The Oxford Dictionary describes a tesselation as “[COUNT NOUN] An arrangement of shapes closely fitted together, especially of polygons in a repeated pattern without gaps or overlapping.” it is also described as a ‘mosaic: A combination of diverse elements forming a more or less coherent whole.”
This blog focuses on the mosaic that is interesting things surrounding the topics of science, natural history, education and technology. I am a science graduate with a Bachelor of Science (Monash University) with Honours (Deakin University). My honours thesis entitled ‘The consequences of marine-derived avian nutrient input into island ecosystems: Palaeoecological insights from Rimatara, French Polynesia’ focused on palaeoecology and human impacts on a Pacific Island.
Since finishing my undergraduate studies I have worked at Deakin University where I tutored undergraduate environmental science students. I have worked as a Research Assistant with Luis Mata and Sarah Bekessy at the Interdisciplinary Conservation Science Research Group (ICSRG), in the School of Global, Urban and Social Studies at RMIT University. This position contributed to ‘The little things that run the city’, an insect and arachnid ecology and conservation project co-funded by the City of Melbourne and RMIT University’s Strategic Projects in Urban Research. In 2016 I spent six months in Switzerland where I was a visiting student to the University of Fribourg, working with Professor Heinz Muller-Scharer, Suzanne Lommen and others on their research of Ambrosia artemisifolia and Ophraella communa in Europe.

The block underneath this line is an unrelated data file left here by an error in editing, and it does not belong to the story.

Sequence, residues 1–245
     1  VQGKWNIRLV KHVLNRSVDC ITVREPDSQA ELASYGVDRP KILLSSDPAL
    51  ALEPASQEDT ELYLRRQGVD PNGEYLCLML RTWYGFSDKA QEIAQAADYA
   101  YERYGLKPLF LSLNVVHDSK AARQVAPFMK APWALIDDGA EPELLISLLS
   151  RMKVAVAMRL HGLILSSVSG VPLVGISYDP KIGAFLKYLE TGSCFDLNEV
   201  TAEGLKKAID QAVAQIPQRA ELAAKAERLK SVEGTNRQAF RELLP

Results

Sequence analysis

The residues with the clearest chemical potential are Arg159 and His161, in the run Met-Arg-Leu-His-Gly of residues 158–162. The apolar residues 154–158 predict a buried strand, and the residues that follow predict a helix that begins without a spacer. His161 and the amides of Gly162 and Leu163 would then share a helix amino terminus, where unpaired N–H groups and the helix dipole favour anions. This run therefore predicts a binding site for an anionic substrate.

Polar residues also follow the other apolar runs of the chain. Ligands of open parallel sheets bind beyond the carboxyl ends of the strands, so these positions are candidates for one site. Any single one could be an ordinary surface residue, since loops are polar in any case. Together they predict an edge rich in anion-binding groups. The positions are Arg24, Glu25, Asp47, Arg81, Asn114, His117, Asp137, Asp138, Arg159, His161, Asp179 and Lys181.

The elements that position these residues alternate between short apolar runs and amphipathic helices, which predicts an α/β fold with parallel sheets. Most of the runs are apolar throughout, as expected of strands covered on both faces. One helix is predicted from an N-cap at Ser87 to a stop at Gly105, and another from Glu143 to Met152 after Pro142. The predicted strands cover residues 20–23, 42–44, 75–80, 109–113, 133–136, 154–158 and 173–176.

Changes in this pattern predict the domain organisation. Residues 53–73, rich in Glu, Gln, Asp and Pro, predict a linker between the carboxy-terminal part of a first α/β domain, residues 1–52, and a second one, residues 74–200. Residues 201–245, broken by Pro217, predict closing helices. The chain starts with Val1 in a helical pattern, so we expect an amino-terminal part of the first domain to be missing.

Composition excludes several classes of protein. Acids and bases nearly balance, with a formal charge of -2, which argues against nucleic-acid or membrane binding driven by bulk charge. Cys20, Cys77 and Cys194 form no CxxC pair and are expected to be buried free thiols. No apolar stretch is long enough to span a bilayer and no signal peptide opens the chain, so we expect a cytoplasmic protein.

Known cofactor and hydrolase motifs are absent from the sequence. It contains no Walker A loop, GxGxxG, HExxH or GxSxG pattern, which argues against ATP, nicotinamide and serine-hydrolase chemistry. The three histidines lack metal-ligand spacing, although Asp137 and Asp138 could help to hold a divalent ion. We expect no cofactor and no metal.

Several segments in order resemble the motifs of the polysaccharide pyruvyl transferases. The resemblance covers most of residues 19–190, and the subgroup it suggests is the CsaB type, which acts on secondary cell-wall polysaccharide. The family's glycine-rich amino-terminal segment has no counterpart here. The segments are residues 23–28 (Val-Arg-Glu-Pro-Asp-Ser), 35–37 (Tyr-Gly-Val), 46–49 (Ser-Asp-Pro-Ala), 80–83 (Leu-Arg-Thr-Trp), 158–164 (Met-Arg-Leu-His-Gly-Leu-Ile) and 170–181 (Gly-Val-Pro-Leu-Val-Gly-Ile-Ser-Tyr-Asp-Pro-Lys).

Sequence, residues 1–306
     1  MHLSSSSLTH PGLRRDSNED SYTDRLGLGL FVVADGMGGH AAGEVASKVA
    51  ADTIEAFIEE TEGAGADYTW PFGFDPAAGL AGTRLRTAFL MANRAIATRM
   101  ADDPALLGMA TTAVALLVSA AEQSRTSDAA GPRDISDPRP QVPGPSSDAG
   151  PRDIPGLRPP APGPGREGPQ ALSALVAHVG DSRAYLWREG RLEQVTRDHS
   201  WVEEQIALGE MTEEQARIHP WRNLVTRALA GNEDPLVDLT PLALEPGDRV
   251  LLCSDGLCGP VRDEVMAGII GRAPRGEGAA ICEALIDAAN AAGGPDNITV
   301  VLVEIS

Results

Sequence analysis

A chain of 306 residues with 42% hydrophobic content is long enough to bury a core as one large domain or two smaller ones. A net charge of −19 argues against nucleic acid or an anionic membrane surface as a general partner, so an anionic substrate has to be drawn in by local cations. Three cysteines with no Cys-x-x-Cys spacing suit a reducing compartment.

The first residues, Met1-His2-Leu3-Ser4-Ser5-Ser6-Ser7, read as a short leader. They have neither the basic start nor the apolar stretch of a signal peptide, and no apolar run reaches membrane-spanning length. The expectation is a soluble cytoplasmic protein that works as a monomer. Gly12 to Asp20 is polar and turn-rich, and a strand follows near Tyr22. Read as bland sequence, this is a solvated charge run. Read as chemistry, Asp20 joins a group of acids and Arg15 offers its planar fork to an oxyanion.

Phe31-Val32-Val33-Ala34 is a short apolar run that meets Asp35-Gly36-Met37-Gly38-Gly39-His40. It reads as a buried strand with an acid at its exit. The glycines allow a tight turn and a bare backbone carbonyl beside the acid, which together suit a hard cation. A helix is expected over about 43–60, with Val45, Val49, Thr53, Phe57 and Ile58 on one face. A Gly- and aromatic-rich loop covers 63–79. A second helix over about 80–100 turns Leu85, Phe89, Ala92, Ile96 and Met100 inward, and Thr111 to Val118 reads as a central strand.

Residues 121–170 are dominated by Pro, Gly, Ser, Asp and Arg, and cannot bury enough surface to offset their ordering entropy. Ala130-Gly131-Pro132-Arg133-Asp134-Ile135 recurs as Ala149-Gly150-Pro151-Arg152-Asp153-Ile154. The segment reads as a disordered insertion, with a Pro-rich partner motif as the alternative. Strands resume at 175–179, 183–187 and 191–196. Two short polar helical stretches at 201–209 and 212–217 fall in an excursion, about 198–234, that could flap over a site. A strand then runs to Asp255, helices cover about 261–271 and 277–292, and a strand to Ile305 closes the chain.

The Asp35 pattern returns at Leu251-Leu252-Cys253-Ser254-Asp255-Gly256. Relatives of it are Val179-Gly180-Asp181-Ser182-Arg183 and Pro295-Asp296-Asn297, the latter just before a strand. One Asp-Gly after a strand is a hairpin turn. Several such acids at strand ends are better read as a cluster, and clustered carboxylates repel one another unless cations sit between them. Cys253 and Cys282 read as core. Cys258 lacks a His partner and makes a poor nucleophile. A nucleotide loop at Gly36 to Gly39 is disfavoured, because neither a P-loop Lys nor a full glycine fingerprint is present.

In my free time I like to work in my garden, get out into nature, as well as play games, and terrorise my friends with ridiculous monsters in dungeons and dragons.